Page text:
Sensitivity of results to projection assumptions

The above results for Canada according to the low, medium and high-growth scenarios stem from the combined effect of assumptions on immigration, fertility and life expectancy. In addition to reflecting the uncertainty associated with any population projection, these scenarios allow us to consider a large number of possibilities as to the future course of the population. However, it becomes difficult to determine the specific effect of each component on the structure and size of the population at the end of the projection period.

To analyse the sensitivity of the results to the projection assumptions and better understand the impact of each component, six analytical scenarios were created, based on medium-growth scenario M1. In them, a single assumption was modified. Scenarios 1 and 2 are intended to examine the impact of fertility. Scenario 1 is identical to scenario M1, except that it uses the low fertility assumption, the one used in the low-growth scenario. Scenario 2 does the same, except that in this case the high fertility assumption is adopted, the one used in the high-growth scenario. In the same way, scenario M1 was modified by replacing the medium assumption by the low and high assumptions for the mortality component (scenarios 3 and 4) and the immigration component (scenarios 5 and 6).

Each of the three components has an effect on the size of the projected population, but immigration is the component with the greatest impact, followed by fertility (Chart 3.44). With low immigration (rate of 6.0 per thousand), the population would reach 47.6 million in 2061, whereas it would reach 58.2 million if immigration were high (rate of 9.0 per thousand), representing a difference of approximately 10.6 million. The difference is smaller but not insignificant between the low fertility scenario (1.5 children per woman) and the high fertility scenario (1.9 children per woman). In 2061, the difference between the two scenarios would be approximately 8.2 million. Finally, population growth would be much less affected by an acceleration or deceleration of the increase in life expectancy. Here the difference between the low and high scenarios would be approximately 1.9 million in 2061.

Immigration therefore has a major impact on population size, but it is important to note that the impact varies considerably from one province to another. The provinces and territories that receive more immigrants in proportion to their population are naturally more sensitive to changes in the number of immigrants. Thus, while the population of Canada in 2036 would be 4.5% larger with the high immigration assumption than with the medium assumption, the percentage would vary between 5.4% and 4.8% in Ontario, British Columbia and Manitoba (Table 3.6).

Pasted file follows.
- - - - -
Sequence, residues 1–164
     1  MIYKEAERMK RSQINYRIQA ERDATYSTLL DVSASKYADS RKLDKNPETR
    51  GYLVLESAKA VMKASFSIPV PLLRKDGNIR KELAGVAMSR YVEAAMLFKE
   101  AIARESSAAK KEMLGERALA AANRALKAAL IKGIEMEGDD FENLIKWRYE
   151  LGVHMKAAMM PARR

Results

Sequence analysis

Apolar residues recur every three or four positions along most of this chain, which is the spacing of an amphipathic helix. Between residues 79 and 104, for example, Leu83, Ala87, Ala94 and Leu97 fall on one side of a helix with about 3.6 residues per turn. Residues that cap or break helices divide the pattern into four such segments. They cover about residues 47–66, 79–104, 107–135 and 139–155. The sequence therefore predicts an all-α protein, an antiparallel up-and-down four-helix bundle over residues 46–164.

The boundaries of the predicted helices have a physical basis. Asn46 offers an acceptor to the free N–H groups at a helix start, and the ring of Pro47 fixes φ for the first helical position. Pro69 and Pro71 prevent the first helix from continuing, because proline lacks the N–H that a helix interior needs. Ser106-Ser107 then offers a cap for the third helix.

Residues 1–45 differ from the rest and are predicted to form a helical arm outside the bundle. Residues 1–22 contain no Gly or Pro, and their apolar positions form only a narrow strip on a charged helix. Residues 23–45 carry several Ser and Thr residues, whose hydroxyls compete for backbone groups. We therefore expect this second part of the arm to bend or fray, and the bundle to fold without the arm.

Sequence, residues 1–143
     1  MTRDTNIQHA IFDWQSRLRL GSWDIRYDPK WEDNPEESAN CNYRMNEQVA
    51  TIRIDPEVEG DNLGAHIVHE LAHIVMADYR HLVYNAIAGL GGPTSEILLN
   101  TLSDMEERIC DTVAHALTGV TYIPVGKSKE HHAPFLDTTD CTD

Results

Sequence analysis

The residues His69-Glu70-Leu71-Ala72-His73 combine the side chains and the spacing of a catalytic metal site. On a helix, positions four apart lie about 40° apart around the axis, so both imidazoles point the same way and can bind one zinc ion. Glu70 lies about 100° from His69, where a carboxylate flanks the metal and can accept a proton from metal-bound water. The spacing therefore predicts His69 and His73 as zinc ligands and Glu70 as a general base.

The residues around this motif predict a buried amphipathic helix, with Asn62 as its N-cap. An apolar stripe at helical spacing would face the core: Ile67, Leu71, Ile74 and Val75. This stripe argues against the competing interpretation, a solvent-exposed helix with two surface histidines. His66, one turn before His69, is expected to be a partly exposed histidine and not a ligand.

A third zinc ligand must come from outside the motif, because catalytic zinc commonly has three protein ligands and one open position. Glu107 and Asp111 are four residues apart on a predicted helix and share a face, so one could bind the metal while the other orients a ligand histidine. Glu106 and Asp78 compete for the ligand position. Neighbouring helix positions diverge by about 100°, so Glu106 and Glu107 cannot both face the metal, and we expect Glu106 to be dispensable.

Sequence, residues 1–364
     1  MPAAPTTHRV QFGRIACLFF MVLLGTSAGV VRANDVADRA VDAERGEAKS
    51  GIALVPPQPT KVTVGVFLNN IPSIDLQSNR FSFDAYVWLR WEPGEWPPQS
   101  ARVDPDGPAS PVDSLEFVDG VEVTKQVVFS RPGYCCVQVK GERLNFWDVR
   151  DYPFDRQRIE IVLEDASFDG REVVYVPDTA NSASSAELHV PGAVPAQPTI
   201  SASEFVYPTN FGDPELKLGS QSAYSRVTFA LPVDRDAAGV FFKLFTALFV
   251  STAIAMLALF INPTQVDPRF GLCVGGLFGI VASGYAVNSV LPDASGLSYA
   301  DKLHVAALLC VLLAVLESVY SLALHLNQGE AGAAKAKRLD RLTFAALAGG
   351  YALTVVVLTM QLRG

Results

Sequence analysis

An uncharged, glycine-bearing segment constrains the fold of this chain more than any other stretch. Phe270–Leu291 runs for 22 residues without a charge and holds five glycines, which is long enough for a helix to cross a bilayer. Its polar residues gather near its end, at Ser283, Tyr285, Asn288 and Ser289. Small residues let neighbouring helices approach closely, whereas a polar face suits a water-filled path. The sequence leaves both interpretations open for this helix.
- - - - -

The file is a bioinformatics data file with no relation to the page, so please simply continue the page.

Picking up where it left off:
While immigration and fertility levels both greatly influence the projected population figures, of the two, it is fertility that has the largest impact on the age structure of the population, which is most likely to either slow down or accelerate the aging of the Canadian population between now and 2061 (Chart 3.45). The scenarios that suggest fertility levels different from the medium scenario are those that feature the largest gap in the median age (4.5 years). The median age projected with the low fertility assumption would be 46.4 years, whereas it would be only 41.9 years with the high fertility assumption. The low fertility assumption generates a smaller number of births, which has the consequence of accelerating the aging of the population by reducing the number of young people in relation to seniors. Higher fertility has exactly the opposite effect. Immigration and mortality levels also influence the median age and aging, but much more modestly. The scenarios that differ from the medium scenario only in their immigration level have a median age gap of approximately one year, as do those that differ only in their mortality level. Clearly, variations in mortality and immigration have a limited impact on the aging of the Canadian population. 3 

It is important to note that if other assumptions had been chosen, this would have led to conclusions different from those presented here. High and low assumptions calling for smaller or greater differences in relation to the medium scenario could change the order of importance of the effects of phenomena, especially for fertility and immigration.